The best step you can take against osteoporosis: Eat plenty of low-fat foods that are rich in calcium and fortified with vitamin D such as skim milk, low-fat yogurt, and low-fat cheese, as well as broccoli.
Other steps you can take: Use calcium-fortified foods such as orange juice and breakfast cereals. Add soy foods, such as tofu and tempeh, to your diet. Besides being a good calcium source, soy foods have been shown to increase bone density. If you drink soymilk, buy brands that are calcium fortified.
Also, reduce your consumption of carbonated beverages. Studies show the phosphorus they contain may leach calcium from bones. Not all carbonated beverages contain phosphorus, however. If phosphoric acid is not listed on the label, then the beverage will not affect your calcium levels.
Here are the recommended calcium intakes: Children ages 1 to 3 should get 700 mg of calcium each day; children ages 4 to 8 should get 1,000 mg; and children 9 to 12 should get 1,300 mg. Teens should consume 1,300 mg each day. Adults ages 19 to 50 should consume 1,000 mg each day; adults 50 and older should get 1,200 mg.
You should also make sure you get enough vitamin D in your diet. Despite the importance of the sun for vitamin D synthesis, it is important to limit exposure of skin to sunlight due to risk for skin cancer, according to the Office of Dietary Supplements (ODS). As we age, we are less able to make vitamin D through our skin. That's why food sources of vitamin D become even more important in older adults. Good sources of vitamin D include fortified dairy products, egg yolks, ocean fish, and liver. Most multivitamins and calcium supplements contain vitamin D.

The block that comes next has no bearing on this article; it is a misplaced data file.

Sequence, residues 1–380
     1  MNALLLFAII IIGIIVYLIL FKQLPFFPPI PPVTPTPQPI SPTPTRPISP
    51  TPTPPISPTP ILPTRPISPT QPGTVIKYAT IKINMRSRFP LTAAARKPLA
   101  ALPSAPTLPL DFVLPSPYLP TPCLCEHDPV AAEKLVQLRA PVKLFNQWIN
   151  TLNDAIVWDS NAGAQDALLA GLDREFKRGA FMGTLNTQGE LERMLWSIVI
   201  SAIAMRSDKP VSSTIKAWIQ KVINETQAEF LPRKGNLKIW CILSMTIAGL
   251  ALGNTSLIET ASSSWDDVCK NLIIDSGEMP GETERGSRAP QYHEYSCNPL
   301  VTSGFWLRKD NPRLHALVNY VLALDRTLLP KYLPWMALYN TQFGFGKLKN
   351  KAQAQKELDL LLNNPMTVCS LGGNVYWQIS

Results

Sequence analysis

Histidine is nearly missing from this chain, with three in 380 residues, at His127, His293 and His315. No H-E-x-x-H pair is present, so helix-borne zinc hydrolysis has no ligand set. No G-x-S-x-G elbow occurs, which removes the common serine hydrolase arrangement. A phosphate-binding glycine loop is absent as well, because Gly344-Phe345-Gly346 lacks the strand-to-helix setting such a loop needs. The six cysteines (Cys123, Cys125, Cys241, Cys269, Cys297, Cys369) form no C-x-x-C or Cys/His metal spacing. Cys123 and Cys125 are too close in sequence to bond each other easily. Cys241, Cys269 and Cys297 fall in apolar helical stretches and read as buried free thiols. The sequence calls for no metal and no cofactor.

People ages 1 to 70 should get 600 international units each day. Those over 70 should get 800 IU a day. Ask your doctor before taking higher doses of vitamin D supplements daily.
The best way to help prevent type 2 diabetes: Maintain a healthy weight by eating a balanced, low-fat diet. Obesity is a strong risk factor for developing type 2 diabetes.
Another strong risk factor for developing type 2 diabetes is having prediabetes, a condition in which your blood sugar is above normal, but not high enough to be diagnosed as diabetes. A person with prediabetes is at risk for developing type 2 diabetes within 10 years, and also is at higher risk for heart attack or stroke, according to the National Diabetes Education Program (NDEP).
Losing 5 to 7 percent of your weight if you are overweight can reduce your risk, according to the NDEP.
Other steps you can take to reduce your risk, according to the American Diabetes Association: Reduce your fat intake to less than 30 percent of your calories and your intake of saturated fat to less than 10 percent of your calories. Eat more high-fiber foods, such as oatmeal, beans, legumes, fresh fruits, and fresh vegetables.
Get regular exercise, which help you with weight management, as well as reduce your risk. The USDA recommends 30 to 60 minutes of brisk walking or some other moderate exercise most days of the week to maintain your weight. To lose weight, 60 to 90 minutes a day may be needed.